Today’s world is full of synthetic everything. Food, drugs, beauty products, house cleaning products and everything in between. Humans are turning more synthetic as the days pass on. Fake eyelashes, hair dye, botox, lip fillers, Brazilian butt lifts, tummy tucks, liposuction and synthetic breasts are a common finding everywhere you turn. As of 2019, the beauty industry was a bustling $532 billion dollar Industry.
Many women (and men), go into major cosmetic procedures not understanding long term implications and dangers of their surgery. Breast implant illness (BII) has been on the rise over the years as more than 300,000 US women have implants placed each year. There is a facebook group called, “Breast Implant Illness and Healing” that has over 145k members. I’ve seen many cases of BII in my clinic and it is something women wish they would have known about before they went under the knife.
Dr. Susan Kolb, author of “The Naked Truth About Breast Implants” said, “My experience in doing this for thirty years is that eventually everybody will become ill from their breast implants, unless they die sooner from something else.”
Breast implants date back to the 1880’s. In the 1900’s various materials were placed in the breasts – rubber, foam, sponges, ivory and even glass! In the 1950’s, silicone was injected freely into the breast cavity but caused major complications resulting in mastectomies. In the 1960’s the first shell based silicone implants were used (at the same time in French literature, there were saline implants being studied and utilized). Since the first implant, there have been over 240 styles and 8,300 models of silicone breast implants.
The bodies immune system tries to regulate itself to stay in homeostasis. When there is a foreign invader, specialized cells rush to the area to remove the pathogen and keep its human host healthy. When there’s a foreign object like a breast implant, the body tags it as foreign and microinflammation occurs around the area while the body tries to remove it. Sometimes mold, yeast, bacteria and other pathogens harbor in the area causing infection on top of inflammation and autoimmunity.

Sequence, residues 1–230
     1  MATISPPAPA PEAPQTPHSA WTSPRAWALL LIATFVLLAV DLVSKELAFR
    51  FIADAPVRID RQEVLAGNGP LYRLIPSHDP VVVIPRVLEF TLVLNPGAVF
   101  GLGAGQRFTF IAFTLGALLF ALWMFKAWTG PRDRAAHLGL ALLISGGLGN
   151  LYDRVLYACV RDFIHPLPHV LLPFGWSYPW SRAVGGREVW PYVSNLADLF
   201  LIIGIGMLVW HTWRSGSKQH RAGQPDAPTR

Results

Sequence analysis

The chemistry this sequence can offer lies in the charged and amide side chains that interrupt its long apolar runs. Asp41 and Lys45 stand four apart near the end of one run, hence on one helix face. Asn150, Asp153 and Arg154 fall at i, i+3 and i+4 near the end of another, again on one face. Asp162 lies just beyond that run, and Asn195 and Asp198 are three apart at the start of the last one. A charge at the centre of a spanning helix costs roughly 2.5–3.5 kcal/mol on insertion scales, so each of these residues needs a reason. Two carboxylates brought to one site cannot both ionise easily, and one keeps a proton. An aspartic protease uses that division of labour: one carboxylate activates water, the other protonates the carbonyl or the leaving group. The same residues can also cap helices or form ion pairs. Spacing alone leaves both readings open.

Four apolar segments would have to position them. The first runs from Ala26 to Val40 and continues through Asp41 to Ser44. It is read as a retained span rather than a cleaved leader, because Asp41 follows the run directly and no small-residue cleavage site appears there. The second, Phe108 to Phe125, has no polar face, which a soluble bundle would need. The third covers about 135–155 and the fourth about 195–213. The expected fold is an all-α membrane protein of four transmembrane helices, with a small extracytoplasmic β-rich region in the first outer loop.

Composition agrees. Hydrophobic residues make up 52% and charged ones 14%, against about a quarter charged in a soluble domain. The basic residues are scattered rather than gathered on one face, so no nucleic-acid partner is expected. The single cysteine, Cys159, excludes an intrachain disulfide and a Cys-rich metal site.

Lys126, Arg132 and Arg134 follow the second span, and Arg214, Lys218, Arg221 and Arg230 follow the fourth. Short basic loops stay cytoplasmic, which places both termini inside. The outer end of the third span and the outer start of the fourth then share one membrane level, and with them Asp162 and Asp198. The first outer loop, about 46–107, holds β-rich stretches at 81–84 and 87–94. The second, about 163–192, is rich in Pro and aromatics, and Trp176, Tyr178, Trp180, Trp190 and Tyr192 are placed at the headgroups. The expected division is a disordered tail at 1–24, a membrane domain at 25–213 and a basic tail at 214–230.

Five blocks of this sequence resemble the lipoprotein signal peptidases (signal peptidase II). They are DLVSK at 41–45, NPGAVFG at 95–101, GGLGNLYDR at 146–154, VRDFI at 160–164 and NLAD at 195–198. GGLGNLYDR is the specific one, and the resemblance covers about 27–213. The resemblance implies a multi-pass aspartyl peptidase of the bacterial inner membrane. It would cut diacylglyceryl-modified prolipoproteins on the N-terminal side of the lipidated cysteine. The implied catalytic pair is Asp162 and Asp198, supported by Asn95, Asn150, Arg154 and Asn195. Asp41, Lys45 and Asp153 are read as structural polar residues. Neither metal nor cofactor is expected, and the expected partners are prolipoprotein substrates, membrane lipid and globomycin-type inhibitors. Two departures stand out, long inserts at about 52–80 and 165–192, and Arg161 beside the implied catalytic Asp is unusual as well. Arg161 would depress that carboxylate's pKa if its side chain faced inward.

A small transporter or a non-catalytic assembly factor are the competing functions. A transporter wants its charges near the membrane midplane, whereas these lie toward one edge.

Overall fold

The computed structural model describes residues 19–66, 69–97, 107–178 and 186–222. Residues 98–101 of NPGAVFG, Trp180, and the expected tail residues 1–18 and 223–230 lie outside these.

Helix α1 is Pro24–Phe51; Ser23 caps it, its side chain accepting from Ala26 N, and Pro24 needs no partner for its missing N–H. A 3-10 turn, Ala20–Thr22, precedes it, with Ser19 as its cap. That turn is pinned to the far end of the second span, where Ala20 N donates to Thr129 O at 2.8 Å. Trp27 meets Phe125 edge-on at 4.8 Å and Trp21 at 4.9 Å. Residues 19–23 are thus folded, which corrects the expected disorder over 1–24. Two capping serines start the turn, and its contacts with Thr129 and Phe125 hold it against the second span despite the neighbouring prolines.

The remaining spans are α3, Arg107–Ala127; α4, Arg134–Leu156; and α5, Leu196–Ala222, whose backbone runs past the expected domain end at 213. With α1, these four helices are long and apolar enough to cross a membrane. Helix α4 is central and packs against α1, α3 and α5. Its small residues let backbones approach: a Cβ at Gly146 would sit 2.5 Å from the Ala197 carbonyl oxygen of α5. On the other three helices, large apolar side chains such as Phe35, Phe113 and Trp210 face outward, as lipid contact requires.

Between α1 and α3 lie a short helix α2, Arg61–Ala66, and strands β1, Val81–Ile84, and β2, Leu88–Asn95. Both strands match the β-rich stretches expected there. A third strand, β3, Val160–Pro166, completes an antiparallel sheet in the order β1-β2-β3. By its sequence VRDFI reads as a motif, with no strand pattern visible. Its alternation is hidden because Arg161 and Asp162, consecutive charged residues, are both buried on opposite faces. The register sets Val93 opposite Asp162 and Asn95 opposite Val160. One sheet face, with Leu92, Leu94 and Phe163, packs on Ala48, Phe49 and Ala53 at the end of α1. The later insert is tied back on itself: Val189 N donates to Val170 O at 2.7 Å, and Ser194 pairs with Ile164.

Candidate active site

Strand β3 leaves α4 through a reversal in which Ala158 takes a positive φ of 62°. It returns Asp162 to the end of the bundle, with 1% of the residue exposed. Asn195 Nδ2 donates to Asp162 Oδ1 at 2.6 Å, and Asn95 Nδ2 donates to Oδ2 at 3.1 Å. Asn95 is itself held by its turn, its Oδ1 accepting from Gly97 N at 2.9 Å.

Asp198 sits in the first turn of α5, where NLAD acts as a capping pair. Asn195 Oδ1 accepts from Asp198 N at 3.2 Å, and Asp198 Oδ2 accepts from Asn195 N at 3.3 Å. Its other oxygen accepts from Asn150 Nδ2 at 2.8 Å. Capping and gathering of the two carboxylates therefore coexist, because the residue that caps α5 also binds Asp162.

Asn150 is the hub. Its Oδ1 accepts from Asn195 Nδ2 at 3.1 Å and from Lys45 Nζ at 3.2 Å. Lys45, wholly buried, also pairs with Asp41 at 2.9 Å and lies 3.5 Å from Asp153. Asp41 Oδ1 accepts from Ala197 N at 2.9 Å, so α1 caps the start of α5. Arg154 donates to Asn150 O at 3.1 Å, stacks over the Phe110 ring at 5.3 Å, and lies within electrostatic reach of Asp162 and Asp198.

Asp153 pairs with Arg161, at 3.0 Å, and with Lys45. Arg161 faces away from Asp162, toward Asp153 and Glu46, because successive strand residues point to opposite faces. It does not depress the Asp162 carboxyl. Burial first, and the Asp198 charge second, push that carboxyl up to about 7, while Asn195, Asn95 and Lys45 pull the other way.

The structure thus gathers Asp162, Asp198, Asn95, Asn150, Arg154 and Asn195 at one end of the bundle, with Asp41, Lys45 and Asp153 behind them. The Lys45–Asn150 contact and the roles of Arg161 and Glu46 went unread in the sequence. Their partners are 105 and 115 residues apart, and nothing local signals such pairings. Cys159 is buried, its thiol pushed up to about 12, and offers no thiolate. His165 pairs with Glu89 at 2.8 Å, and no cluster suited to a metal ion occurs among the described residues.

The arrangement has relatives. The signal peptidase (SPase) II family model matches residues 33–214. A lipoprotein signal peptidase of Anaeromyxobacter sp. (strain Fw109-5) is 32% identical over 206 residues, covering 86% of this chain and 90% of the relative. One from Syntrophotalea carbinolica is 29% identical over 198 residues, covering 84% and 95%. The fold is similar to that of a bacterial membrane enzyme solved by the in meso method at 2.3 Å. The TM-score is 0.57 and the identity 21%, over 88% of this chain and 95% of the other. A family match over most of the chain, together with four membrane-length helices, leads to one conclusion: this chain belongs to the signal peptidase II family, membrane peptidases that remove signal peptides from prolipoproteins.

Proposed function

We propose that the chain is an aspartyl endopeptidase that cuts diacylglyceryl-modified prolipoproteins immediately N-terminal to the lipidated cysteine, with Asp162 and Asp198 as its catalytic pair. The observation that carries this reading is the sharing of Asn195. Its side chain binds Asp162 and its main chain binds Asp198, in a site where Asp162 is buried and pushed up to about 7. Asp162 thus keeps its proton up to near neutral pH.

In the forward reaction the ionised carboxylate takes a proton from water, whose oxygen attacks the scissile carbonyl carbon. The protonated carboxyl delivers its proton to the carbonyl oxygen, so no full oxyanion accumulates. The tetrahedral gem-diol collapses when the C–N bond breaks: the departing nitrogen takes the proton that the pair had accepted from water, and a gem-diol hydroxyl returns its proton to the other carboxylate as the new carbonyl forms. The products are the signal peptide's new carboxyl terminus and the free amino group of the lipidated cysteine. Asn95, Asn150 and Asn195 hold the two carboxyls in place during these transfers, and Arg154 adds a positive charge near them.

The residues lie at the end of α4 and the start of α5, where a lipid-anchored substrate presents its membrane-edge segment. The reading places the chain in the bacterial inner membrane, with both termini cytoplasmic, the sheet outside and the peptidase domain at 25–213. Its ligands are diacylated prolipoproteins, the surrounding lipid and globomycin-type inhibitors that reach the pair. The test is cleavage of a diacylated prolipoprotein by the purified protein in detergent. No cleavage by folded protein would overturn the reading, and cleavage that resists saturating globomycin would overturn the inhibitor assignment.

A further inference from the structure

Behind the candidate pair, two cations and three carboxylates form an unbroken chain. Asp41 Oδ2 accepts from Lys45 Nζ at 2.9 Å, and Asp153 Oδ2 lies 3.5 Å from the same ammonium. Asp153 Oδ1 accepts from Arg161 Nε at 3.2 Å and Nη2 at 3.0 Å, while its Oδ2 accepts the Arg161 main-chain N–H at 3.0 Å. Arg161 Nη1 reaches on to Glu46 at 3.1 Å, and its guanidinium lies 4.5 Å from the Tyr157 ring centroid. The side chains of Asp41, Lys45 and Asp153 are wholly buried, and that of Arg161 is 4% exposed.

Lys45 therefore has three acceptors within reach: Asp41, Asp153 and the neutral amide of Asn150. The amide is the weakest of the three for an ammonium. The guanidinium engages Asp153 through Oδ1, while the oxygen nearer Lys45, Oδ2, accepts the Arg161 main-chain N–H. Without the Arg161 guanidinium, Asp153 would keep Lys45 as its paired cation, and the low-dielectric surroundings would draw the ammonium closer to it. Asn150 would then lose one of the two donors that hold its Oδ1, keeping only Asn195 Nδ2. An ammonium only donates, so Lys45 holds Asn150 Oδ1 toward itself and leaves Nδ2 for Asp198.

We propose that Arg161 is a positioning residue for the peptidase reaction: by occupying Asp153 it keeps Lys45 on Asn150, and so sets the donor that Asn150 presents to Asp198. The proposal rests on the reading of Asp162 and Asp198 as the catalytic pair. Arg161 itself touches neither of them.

Symptoms of BII include:
- autoimmune disease – lupus, rheumatoid arthritis, scleroderma, thyroid disease and more
- joint and muscle pain
- unexplained weight gain or weight loss
- chronic fatigue
- memory and concentration problems
- breathing problems + chronic recurrent sinusitis
- sleep disturbance
- rashes and skin problems
- dry mouth and dry eyes
- anxiety + depression
- hair loss
- chronic infections
- gastrointestinal problems
Outcomes after implant removal:
According to www.breastcancer.org, a small study of 100 patients with self-reported BII, showed that 89% of patients who had implant removal and capsulectomy experienced improvement in some of their symptoms within 3 months of surgery. Another small study of 80 participants from the Netherlands found 69% reduction in autoimmune symptoms after implant removal surgery.
What to do if you suspect BII?
I suggest working with a functional medicine provider to find the root cause of your symptoms. If you are experiencing any of the above symptoms and they are affecting your daily living, it is a good idea to remove breast implants to decrease overall toxic burden in your body, even if they may not be the root cause.
After working with many women during this process, my advice is to find someone that specializes in EXPLANT surgery. These surgeons are trained to remove the full silicone (or saline) capsule. It is important for the capsule to be completely removed with the implant so that foreign tissue doesn’t continue to irritate the body and produce an immune response.
Healing after BII:
Just like an autoimmune disease, cancer or other chronic illness, healing takes time and effort. Helping your body detox is essential in the repair process. Working with a specialist to get a plan together that is right for your body will be important. Always work at cleaning up your diet (avoid processed foods, decrease sugar and alcohol consumption). Open your detox pathways by having one or more bowel movements a day (use magnesium or vitamin C if you need help with this). Use detox therapies like sauna, cryotherapy, lymph massage, epsom baths, etc. And, working with a counselor to talk about any body dysmorphia issues or mental health concerns that you have.
BII is more common than I once imagined. Being aware of the pros and cons of any cosmetic procedure is really important. At the end of the day, you should always get to choose what goes in, on and around your body. That choice should not be taken lightly and should be done after your personal research is completed. I always tell my patients, “you know your body best, don’t trust me, trust yourself. I’m here to guide you but not tell you what to do”. Empowering people to make decisions best for their body is my number one goal. I hope you found this helpful.
Stephanie, ARNP, FNP-C
Vive IV Therapy + Balance Integrative Health & Wellness